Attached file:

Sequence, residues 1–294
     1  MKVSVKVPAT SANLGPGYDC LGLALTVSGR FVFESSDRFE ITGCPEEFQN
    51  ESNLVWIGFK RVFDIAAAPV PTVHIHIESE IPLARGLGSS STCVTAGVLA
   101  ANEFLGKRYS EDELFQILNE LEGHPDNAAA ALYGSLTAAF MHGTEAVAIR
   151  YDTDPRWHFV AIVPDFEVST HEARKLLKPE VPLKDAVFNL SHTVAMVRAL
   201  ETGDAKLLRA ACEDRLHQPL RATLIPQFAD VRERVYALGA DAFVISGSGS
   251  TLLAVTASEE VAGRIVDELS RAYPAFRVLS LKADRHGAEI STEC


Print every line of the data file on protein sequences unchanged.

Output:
Sequence, residues 1–294
     1  MKVSVKVPAT SANLGPGYDC LGLALTVSGR FVFESSDRFE ITGCPEEFQN
    51  ESNLVWIGFK RVFDIAAAPV PTVHIHIESE IPLARGLGSS STCVTAGVLA
   101  ANEFLGKRYS EDELFQILNE LEGHPDNAAA ALYGSLTAAF MHGTEAVAIR
   151  YDTDPRWHFV AIVPDFEVST HEARKLLKPE VPLKDAVFNL SHTVAMVRAL
   201  ETGDAKLLRA ACEDRLHQPL RATLIPQFAD VRERVYALGA DAFVISGSGS
   251  TLLAVTASEE VAGRIVDELS RAYPAFRVLS LKADRHGAEI STEC